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VOLCANO FLIGHT CHAOS
Major Swedish airports reopen

Major Swedish airports reopen

Published: 19 Apr 2010 07:38 GMT+02:00
Updated: 19 Apr 2010 10:19 GMT+02:00

Arlanda and Landvetter and Bromma airports have reopened for air traffic on Monday morning, the Civil Aviation Authority (Luftfartsverket - LFV) has confirmed.

"They are open for all transport north and west, and at high altitudes they are open in all directions," Carl Selling at LFV confirmed.

Stockholm Bromma Airport was forced to close briefly but was later reopened.

The movements of the volcanic ash cloud will determine how long the airports, located in Stockholm and Gothenburg, will remain open. A new forecast will be made at 2pm on Monday with the Swedish meteorological agency, SMHI, hopeful of positive developments.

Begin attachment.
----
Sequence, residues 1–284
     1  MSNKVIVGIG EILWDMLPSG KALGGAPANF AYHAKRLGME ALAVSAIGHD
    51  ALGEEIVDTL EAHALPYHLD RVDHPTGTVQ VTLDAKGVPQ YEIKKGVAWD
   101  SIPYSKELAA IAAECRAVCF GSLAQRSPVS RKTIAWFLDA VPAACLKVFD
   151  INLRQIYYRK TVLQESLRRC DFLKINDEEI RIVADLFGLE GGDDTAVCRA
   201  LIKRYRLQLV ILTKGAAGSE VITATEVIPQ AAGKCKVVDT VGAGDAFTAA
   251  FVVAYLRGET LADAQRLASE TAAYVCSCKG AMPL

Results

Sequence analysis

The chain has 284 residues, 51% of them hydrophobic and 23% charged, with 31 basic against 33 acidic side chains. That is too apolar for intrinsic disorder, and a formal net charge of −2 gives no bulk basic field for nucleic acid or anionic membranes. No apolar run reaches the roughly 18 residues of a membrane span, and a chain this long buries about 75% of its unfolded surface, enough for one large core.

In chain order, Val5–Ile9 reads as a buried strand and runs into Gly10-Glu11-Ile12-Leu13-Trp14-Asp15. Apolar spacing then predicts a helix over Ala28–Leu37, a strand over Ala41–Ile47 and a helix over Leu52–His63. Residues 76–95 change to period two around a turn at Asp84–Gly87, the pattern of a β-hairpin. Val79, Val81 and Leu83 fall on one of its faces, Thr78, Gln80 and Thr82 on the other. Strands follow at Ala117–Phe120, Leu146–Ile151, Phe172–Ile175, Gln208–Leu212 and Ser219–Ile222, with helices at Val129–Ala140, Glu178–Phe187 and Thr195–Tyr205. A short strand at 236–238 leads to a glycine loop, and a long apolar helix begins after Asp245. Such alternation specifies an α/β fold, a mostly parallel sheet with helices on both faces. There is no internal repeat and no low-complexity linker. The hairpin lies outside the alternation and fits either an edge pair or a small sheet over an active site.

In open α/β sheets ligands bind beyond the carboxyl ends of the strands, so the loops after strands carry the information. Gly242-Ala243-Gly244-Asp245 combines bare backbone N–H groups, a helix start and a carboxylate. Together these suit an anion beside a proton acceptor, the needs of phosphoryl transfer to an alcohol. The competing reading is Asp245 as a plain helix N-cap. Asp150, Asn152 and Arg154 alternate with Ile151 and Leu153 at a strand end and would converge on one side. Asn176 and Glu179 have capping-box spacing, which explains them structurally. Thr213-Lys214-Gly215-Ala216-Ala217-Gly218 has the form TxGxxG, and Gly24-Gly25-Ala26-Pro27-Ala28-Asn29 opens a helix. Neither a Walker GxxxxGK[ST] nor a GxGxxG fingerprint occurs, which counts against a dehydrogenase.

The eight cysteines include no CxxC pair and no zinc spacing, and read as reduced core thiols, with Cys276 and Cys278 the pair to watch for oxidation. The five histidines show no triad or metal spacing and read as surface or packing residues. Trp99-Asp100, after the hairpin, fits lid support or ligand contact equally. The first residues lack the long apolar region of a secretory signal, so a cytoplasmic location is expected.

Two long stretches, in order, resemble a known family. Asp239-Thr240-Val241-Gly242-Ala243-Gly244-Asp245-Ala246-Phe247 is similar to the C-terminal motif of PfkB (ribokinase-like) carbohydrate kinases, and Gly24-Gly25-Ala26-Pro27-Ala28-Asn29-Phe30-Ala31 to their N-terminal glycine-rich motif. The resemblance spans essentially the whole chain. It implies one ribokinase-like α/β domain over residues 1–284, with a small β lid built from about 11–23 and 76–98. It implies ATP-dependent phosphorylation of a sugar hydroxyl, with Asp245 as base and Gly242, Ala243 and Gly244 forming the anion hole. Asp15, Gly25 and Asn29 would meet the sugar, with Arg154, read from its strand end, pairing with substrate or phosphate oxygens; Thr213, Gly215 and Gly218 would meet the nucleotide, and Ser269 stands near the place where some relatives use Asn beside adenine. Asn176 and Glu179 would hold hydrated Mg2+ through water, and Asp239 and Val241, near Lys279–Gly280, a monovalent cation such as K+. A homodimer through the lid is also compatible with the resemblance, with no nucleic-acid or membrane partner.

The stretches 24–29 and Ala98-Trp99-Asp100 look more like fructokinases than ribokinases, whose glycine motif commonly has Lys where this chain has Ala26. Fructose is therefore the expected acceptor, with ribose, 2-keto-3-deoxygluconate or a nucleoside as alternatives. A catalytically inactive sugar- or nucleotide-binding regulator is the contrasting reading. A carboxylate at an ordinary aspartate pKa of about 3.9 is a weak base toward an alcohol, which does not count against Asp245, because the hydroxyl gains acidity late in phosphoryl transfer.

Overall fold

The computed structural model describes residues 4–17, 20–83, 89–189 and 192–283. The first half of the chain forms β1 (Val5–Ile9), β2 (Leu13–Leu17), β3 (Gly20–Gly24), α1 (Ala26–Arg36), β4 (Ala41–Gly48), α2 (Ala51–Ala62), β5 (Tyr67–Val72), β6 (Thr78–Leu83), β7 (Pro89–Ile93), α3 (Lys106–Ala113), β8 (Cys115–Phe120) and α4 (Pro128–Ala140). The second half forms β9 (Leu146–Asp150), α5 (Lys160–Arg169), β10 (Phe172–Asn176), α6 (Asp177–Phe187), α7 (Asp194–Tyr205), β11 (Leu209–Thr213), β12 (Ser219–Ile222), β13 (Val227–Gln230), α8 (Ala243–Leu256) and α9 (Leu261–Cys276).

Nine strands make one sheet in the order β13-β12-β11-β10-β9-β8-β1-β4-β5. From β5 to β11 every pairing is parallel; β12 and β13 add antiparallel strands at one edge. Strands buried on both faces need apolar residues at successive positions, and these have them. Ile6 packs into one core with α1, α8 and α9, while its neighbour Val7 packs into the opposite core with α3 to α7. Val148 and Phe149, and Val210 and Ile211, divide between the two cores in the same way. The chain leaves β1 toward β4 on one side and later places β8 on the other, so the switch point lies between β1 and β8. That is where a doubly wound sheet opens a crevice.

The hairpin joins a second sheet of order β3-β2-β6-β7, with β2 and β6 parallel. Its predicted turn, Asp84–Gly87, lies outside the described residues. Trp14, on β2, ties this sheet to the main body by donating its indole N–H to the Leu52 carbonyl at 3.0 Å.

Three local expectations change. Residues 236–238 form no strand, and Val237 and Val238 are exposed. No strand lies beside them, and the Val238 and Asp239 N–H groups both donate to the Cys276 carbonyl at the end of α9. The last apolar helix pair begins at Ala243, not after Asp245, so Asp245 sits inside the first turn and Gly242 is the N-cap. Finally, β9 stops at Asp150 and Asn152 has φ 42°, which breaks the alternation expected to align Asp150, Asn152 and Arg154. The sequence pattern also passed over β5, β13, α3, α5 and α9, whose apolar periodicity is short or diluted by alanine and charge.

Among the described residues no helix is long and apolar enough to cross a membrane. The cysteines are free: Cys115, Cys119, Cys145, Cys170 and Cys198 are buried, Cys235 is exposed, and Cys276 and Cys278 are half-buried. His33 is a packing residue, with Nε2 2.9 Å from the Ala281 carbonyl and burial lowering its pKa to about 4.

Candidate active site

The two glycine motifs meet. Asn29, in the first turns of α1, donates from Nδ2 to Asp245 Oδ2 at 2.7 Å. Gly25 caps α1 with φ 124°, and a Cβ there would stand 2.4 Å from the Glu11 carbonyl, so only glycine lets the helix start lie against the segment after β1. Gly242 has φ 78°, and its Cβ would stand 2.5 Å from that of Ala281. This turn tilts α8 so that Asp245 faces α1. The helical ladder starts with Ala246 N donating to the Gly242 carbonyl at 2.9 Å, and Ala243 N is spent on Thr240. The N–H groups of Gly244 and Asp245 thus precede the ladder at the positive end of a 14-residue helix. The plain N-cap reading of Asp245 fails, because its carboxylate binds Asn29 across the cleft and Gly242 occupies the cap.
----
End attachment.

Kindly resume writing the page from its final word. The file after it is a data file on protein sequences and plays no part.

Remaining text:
"It is only the southernmost parts of the country which are getting in particles from the ash cloud," said meteorologist Alexandra Ohlsson at SMHI.

LFV is due to hold a crisis meeting on Monday to discuss the long period of disruption.

"LFV is bleeding and is having a tough time, just like all other companies which have been affected by this," Carl Selling said.

Budget airline Norwegian plans to deploy two extra planes on Monday morning to travel to Malaga to collect stranded passengers headed for Oslo and Stockholm. A first come first served policy will be applied, the airline said in a statement, with competition for seats intense after a long weekend of disruption.

Two extra departures are also planned from Las Palmas during the morning - one to Stockholm and one to Oslo. The same principle applies to the Malaga flights and check-in opens at 8am.

Norwegian's domestic routes and Stockholm-Oslo will also re-open on Monday morning.

Scandinavian airline SAS has however confirmed that almost all its flights would remain grounded on Monday except for flights from the US and a few from Norway.

At midnight on Sunday, Gävle/Söderhamn and Mora opened for flights north and west and from 2am Monday airspace over the Baltic Sea, Småland, Östergötland, Sörmland and Västergötland reopened at high altitude. This means that planes to and from Europe can pass through Swedish airspace.